Last weekend was my son’s first middle school dance. He came home from school at the beginning of the week excited at the prospect of attending the dance. He thought about what he was going to wear and bought his ticket. The night of the dance, I heard the blow dryer going and my son, who generally doesn’t care about such things, made sure he smelled good. He asked for money so he could buy himself and his friend’s snacks at the dance. I drove him to the dance and walked behind him as he ran into one of his friends. They walked together to sign in. Before disappearing into the dance, my son turned around and gave me a fist bump.
When I picked him up, he said he had danced with some friends and had a good time, although the music was a bit too loud. What parent wouldn’t feel good about a night like this for her child? For our family, this night was particularly poignant. This was the child who refused to get out of the car in second grade to go to school; the child who sequestered himself under his desk when his anxiety level became too high; the child who had to leave the circus the minute the music started and the lights flashed; the child who, when asked with whom he played at school that day, said “Me, myself, and I”; and the child who had and continues to have difficulty reading social cues and can become rigidly stuck in his own point of view.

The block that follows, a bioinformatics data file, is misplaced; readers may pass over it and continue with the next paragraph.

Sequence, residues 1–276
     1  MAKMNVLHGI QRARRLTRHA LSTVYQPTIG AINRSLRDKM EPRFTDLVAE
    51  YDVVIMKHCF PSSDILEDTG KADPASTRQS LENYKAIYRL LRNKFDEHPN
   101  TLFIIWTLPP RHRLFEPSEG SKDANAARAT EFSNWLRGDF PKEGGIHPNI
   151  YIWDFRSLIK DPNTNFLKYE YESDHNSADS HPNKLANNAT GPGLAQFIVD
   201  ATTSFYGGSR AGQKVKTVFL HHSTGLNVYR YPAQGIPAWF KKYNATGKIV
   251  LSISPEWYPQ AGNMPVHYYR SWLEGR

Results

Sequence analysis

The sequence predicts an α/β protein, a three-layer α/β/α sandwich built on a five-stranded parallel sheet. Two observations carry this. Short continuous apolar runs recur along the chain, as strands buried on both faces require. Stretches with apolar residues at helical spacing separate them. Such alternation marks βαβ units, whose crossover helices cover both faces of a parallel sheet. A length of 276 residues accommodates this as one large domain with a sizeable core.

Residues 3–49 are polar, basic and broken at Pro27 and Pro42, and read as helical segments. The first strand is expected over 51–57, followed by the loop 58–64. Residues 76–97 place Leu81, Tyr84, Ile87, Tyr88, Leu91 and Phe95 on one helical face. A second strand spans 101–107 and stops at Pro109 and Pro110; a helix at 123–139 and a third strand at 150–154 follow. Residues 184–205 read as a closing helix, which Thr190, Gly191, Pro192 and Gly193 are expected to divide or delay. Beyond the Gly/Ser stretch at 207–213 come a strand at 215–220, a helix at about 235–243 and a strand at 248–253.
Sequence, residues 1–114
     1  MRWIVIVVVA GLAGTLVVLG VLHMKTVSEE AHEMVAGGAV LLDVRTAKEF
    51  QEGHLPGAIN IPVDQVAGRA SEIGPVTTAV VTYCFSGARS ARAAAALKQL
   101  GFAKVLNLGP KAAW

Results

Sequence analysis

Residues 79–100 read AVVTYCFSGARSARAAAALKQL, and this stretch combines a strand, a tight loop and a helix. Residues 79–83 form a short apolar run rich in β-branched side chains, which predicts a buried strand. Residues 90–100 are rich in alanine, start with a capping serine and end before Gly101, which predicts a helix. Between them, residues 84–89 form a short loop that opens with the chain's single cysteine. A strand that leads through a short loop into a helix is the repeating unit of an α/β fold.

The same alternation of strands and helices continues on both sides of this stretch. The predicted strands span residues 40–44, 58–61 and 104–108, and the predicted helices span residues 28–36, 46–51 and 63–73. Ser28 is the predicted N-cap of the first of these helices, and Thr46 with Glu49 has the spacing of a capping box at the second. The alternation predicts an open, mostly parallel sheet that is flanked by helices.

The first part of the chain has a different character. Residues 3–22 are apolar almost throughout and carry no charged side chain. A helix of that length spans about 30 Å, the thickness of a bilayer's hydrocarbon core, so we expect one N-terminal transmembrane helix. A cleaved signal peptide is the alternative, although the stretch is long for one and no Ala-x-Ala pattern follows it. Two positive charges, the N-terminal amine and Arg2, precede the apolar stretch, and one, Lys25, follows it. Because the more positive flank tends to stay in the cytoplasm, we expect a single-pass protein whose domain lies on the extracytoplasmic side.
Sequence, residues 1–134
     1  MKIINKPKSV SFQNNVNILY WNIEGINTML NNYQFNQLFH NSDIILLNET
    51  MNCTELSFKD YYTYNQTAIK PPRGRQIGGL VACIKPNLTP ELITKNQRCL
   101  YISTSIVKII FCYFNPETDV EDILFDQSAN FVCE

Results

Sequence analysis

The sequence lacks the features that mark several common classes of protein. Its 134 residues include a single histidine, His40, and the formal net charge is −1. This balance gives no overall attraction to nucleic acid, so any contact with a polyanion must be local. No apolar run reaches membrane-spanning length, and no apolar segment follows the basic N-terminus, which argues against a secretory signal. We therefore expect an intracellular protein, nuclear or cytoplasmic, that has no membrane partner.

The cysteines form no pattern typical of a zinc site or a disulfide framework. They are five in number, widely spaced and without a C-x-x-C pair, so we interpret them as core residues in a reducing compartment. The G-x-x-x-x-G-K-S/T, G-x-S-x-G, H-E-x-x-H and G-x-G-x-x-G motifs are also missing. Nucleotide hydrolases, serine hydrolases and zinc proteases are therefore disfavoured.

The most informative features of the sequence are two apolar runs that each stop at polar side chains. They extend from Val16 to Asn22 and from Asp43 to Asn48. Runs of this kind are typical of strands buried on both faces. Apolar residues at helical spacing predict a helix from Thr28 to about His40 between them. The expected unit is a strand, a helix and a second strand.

The amount of joy we felt at our son’s first middle school dance and how successfully he navigated situations—which in the past had been fraught with landmines—is hard to put into words. I can’t help but feel that had he not had to face his particular challenges, we wouldn’t have been as appreciative of this moment. One of the blessings of having a child with challenges is the experience of truly appreciating the little things that others take for granted. Everyday accomplishments for others are small victories for us.
It is often easier to see the negative side of having a child with challenges. After all, it can be an exhausting and unpredictable endeavor, constantly subject to the needs of your child on a daily basis and the filtering of judgment from those around us. That being said, there is no greater gift than reveling in the steps your child takes and truly appreciating them no matter how small. I will take this any day!